law, the consequence of which are regulated by articles 1902 and 1903 of the Civil Code.
The acts to which these articles are applicable are understood to be those not growing out
of pre-existing duties of the parties to one another. But where relations already formed give
rise to duties, whether springing from contract or quasi contract, then breaches of those
duties are subject to articles 1101, 1103, and 1104 of the same code. A typical application
of this distinction may be found in the consequences of a railway accident due to defective
machinery supplied by the employer. His liability to his employee would arise out of the
contract of employment, that to the passengers out of the contract for passage, while that
to the injured bystander would originate in the negligent act itself.
In Manzanares vs. Moreta, 38 Phil., 821 (year 1918), the mother of the 8 of 9-year-old child
Salvador Bona brought a civil action against Moreta to recover damages resulting from the death of
the child, who had been run over by an automobile driven and managed by the defendant. The trial
court rendered judgment requiring the defendant to pay the plaintiff the sum of P1,000 as
indemnity: This Court in affirming the judgment, said in part:
If it were true that the defendant, in coming from the southern part of Solana Street, had to
stop his auto before crossing Real Street, because he had met vehicles which were going
along the latter street or were coming from the opposite direction along Solana Street, it is
to be believed that, when he again started to run his auto across said Real Street and to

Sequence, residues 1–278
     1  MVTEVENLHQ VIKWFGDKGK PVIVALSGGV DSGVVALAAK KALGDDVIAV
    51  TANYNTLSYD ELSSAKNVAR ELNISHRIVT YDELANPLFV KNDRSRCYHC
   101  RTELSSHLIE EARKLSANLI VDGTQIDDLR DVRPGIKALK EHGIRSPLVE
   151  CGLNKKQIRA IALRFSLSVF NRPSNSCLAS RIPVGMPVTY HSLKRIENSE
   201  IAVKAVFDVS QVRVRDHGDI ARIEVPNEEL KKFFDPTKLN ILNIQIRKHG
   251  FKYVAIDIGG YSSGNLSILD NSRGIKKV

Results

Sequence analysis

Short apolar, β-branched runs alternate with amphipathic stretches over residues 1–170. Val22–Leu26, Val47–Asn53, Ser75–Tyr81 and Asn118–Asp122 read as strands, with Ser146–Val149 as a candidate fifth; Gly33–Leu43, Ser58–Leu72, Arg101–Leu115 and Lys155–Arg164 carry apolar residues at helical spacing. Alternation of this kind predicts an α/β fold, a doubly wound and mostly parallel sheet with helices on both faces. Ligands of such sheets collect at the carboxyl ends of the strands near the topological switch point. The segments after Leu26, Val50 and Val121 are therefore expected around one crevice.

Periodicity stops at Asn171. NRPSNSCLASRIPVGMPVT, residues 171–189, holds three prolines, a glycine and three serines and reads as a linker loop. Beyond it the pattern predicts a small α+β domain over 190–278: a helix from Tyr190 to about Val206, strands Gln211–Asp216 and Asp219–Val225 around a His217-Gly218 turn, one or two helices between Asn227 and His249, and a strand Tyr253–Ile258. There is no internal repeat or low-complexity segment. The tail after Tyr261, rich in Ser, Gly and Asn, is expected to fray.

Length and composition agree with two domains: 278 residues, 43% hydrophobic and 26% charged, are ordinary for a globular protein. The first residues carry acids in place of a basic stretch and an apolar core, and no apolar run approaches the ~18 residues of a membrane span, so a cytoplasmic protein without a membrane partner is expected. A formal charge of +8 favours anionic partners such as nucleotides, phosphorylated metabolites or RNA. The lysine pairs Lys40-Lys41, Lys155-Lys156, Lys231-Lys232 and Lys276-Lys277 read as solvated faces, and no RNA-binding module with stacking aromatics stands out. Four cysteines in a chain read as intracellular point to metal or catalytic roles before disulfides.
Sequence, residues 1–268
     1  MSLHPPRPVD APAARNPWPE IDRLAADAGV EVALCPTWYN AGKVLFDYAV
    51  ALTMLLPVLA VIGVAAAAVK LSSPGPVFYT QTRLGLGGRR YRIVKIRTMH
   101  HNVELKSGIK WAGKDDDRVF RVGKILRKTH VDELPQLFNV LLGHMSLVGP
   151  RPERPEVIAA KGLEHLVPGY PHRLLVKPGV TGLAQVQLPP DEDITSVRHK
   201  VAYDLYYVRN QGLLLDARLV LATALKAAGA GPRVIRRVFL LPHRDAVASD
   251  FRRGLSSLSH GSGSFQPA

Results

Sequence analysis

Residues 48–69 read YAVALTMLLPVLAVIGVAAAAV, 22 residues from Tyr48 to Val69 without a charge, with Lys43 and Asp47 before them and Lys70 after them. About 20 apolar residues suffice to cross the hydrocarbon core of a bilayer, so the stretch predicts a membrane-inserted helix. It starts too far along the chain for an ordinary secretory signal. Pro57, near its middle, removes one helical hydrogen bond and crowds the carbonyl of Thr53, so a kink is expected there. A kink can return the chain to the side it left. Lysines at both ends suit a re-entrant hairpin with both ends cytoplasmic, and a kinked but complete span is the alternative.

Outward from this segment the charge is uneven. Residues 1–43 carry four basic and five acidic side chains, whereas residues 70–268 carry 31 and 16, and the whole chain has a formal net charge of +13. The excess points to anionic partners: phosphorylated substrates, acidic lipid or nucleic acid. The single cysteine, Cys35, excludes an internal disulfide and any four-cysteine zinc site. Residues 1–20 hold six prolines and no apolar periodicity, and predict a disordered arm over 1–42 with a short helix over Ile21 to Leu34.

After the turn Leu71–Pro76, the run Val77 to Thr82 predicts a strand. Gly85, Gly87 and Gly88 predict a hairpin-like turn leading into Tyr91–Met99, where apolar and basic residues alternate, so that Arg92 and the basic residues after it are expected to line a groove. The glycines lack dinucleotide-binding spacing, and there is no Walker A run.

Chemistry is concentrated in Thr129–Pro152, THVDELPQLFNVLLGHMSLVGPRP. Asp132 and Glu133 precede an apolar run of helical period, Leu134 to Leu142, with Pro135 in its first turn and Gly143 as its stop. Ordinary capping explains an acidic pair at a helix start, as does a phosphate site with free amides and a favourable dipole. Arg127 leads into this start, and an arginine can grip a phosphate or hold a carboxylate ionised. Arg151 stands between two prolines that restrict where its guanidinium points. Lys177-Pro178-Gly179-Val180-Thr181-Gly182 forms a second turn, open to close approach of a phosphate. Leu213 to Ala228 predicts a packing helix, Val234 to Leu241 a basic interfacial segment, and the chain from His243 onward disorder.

continue its way along Solana Street northward, he should have adjusted the speed of the
auto which he was operating until he had fully crossed Real Street and had completely
reached a clear way on Solana Street. But, as the child was run over by the auto precisely
at the entrance of Solana Street, this accident could not have occurred if the auto had been
running at a slow speed, aside from the fact that the defendant, at the moment of crossing
Real Street and entering Solana Street, in a northward direction, could have seen the child
in the act of crossing the latter street from the sidewalk on the right to that on the left, and if
the accident had occurred in such a way that after the automobile had run over the body of
the child, and the child's body had already been stretched out on the ground, the
automobile still moved along a distance of about 2 meters, this circumstance shows the fact
that the automobile entered Solana Street from Real Street, at a high speed without the
defendant having blown the horn. If these precautions had been taken by the defendant,